The immune system of a baby, especially the cell-mediated component—is in full development when the vaccines start to be administered, at the age of 2–3 months. Until recently, vaccinations have stimulated the humoral immune system, (which forms antibodies). But recently, there are some vaccines which are recommended which stimulate the cell-mediated immune system. This leads to an exaggerated stimulation of the cell-mediated component which can lead to auto-immune disease even in adulthood, a side-effect well known to immunologists.6 For example, it is generally accepted that adult allergic respiratory disease result from an excessive cell-mediated activation against environmental allergens.7 In the infant, this imbalance between the humoral and the cellular immune system is broken and the entire immune system of the baby will have to suffer.8 The autoimmune diseases provoked by vaccines are chronic disease: Childhood Type-1 diabetes, bronchial asthma, Celiac Disease, Crohn’s disease, ADHD, Autism syndrome, and many more. The sudden death of infants is the most serious postvaccine complication, also referred to as sudden death syndrome (SIDS), which has been linked to the DTP vaccine (diphtheria-tetanus-pertussis). In Japan, SIDS rates were drastically reduced once the DTP vaccine was no longer administered to the infant, but rather at the age of two years, when the immune system is more mature.9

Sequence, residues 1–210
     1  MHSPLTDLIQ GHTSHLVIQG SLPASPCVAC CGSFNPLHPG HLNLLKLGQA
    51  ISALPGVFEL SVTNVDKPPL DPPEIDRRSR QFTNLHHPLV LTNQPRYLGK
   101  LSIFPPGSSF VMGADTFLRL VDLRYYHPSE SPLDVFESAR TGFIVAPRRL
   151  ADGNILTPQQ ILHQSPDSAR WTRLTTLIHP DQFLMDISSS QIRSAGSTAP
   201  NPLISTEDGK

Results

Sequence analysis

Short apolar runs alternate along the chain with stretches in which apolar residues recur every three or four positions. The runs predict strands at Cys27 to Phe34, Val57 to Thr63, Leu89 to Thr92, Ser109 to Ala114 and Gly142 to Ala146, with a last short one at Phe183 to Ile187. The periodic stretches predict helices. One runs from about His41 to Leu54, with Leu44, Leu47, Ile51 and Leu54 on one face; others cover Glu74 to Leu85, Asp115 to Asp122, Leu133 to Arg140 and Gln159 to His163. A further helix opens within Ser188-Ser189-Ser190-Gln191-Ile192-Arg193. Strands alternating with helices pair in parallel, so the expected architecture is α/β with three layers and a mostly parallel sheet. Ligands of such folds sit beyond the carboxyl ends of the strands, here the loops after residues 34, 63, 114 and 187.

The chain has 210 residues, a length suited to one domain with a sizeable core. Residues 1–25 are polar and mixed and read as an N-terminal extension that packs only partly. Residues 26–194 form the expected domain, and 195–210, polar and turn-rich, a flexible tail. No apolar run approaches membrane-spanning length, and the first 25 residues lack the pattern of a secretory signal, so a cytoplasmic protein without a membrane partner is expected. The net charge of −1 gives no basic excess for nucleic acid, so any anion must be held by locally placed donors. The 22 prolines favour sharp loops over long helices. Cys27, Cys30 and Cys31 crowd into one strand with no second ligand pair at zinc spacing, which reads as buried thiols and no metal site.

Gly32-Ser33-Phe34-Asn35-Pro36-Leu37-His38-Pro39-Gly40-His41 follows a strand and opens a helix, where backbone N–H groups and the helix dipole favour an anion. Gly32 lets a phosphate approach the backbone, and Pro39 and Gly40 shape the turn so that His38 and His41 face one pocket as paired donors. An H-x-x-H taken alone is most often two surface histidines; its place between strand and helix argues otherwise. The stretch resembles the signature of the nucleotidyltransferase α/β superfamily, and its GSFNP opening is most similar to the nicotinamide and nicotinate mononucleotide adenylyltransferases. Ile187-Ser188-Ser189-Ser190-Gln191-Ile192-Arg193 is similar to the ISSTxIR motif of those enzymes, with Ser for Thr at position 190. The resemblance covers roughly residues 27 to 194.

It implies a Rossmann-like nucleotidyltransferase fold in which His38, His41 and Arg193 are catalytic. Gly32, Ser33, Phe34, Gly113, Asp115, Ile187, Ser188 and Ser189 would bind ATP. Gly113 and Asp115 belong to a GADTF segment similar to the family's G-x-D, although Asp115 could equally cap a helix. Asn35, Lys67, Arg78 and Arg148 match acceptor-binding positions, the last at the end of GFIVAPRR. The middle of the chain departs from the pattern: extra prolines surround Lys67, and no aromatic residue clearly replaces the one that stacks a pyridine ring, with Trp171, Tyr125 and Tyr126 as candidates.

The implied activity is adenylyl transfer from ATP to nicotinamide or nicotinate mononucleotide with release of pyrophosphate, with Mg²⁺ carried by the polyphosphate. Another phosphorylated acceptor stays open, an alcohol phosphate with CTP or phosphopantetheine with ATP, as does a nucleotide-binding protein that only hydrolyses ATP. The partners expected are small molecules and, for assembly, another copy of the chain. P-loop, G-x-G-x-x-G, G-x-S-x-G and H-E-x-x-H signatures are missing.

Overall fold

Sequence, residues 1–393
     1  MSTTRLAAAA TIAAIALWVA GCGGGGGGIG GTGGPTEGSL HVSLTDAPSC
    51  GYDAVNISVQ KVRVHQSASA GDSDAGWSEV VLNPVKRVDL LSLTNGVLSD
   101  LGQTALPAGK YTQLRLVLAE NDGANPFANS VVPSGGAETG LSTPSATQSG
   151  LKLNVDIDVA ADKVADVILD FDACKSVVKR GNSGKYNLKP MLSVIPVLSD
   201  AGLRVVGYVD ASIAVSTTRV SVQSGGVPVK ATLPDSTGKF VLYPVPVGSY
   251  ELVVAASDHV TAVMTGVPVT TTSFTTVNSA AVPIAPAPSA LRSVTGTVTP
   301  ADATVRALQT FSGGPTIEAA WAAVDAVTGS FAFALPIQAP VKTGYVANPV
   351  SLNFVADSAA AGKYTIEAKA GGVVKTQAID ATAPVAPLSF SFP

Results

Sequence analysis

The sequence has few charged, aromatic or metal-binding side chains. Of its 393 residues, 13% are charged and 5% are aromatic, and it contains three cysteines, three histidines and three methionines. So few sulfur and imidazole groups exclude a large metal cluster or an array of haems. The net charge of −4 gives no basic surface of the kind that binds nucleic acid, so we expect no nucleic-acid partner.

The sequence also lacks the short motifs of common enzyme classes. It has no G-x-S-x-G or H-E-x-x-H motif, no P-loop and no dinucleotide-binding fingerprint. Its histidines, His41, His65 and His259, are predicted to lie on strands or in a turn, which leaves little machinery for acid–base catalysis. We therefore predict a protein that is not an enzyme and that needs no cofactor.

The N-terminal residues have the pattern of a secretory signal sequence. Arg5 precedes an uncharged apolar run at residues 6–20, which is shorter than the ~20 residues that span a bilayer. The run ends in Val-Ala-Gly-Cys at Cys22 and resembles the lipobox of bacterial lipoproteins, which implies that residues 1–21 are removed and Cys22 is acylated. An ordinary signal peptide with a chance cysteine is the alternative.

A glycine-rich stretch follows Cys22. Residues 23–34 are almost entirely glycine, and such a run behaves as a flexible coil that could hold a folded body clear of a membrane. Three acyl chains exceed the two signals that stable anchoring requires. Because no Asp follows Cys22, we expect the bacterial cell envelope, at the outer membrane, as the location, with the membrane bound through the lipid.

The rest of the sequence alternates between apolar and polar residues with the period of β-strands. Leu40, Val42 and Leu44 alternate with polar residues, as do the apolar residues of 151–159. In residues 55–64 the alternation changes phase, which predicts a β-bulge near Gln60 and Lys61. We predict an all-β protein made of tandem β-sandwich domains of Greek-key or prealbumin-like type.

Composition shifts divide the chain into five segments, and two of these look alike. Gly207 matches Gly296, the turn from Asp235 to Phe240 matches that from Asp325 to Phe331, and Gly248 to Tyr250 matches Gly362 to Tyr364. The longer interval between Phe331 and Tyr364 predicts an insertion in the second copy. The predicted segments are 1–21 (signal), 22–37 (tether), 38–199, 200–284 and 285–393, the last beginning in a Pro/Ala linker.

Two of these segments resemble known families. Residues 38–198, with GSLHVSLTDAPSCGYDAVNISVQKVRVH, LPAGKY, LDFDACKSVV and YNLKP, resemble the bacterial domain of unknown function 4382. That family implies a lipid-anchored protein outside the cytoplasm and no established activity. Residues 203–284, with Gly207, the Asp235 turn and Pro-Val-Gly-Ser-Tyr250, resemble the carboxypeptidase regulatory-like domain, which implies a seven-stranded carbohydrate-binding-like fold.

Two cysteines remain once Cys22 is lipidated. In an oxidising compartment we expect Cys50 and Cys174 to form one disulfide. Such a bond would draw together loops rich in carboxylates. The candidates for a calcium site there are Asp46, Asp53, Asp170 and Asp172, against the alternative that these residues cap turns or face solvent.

Even though the side effects to combined vaccines are well known—in the form of more or less aggressive responses; and the impossibility to recognize which specific vaccine in these combinations caused the side effect, government laws require parents to vaccinate children with 5, 6 or 10 vaccines combined in one shot.